A 54-year-old lawyer and three-time populist governor of tiny La Rioja province, Menem has often been photographed with pretty women and, in one recent magazine spread, lounging on a bed in a bathing suit and embracing the family dog. He wears the long hair and sideburns of a 19th-Century Latin American caudillo , or provincial warlord, and races cars in his spare time, to the delight of his working-class and rural followers and the chagrin of his urbane foes.
"I prefer this style, which is Argentine, rather than a mustache like the president (Alfonsin), which is European," Menem said with a smile. "Anyway, why should I change if, as I am, I have been a winner? I have never lost a single election in my life. . . . This is like discussing whether (former President Ronald) Reagan has dyed his hair. This is my personality, and no one is going to change my personality. And the people love me as I am."
Argentina's daily electric power cuts, bank lending rates of 30% a month and the near collapse of the government's latest economic plan have conspired against Radical candidate Eduardo Angeloz, the efficient but dour governor of Cordoba province. Angeloz is running as much against Alfonsin's policies as against those of Menem.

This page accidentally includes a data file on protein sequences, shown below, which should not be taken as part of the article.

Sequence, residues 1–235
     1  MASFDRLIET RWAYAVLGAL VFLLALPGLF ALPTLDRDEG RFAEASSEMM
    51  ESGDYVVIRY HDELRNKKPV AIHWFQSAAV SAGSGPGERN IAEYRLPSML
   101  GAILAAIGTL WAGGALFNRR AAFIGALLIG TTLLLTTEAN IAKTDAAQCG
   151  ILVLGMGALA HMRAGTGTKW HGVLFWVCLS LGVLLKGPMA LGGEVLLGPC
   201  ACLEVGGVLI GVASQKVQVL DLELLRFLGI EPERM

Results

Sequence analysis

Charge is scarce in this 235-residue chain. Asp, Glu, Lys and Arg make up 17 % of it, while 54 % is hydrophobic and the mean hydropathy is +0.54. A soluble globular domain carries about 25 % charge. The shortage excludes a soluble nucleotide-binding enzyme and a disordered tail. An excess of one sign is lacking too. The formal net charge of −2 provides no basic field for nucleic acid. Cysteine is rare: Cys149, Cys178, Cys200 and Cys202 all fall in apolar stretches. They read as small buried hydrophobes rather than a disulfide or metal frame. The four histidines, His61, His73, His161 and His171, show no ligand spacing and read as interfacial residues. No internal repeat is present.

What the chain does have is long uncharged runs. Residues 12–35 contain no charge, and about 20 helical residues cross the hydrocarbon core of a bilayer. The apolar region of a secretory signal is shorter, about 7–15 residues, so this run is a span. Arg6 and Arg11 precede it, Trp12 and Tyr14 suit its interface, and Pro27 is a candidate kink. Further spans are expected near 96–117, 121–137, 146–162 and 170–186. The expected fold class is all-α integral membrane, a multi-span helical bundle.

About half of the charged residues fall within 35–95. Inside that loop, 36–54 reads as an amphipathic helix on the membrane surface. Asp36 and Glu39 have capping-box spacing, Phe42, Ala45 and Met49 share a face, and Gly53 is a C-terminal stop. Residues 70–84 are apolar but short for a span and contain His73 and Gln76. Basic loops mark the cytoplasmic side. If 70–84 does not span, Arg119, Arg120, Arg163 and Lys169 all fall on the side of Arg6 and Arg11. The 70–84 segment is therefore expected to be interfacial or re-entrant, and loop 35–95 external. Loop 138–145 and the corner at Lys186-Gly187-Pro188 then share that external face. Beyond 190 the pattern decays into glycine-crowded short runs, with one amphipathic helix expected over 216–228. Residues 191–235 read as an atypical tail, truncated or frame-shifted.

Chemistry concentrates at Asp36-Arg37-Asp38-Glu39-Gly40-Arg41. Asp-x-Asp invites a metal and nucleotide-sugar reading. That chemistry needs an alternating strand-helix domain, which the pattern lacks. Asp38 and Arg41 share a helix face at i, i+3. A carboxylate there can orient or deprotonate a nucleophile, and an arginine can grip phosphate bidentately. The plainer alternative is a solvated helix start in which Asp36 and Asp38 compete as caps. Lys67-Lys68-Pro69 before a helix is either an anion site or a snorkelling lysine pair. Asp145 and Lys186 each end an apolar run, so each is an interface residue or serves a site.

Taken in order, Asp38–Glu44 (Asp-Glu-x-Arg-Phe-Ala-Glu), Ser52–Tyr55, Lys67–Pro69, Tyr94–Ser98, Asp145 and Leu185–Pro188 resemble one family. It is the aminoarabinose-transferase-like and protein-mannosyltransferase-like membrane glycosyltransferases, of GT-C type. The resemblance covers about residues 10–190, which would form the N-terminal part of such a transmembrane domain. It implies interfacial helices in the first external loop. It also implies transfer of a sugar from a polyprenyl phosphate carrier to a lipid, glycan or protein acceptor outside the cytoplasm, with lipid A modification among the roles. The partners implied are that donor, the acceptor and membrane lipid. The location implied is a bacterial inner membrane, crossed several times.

The Peronist party congress in this middle-class Atlantic coastal resort, and the speeches at a rally attended by more than 40,000 supporters Friday night, underscored the party's self-declared realism and its new-found unity.
The party platform, approved unanimously late Saturday night, stresses the need to end the concentration of power in the central government and to halt "the effort by the state to manipulate all the relations of social collaboration." It says the state has "imprisoned private business activity in detailed regulation, without managing to control the rational and effective use of national resources."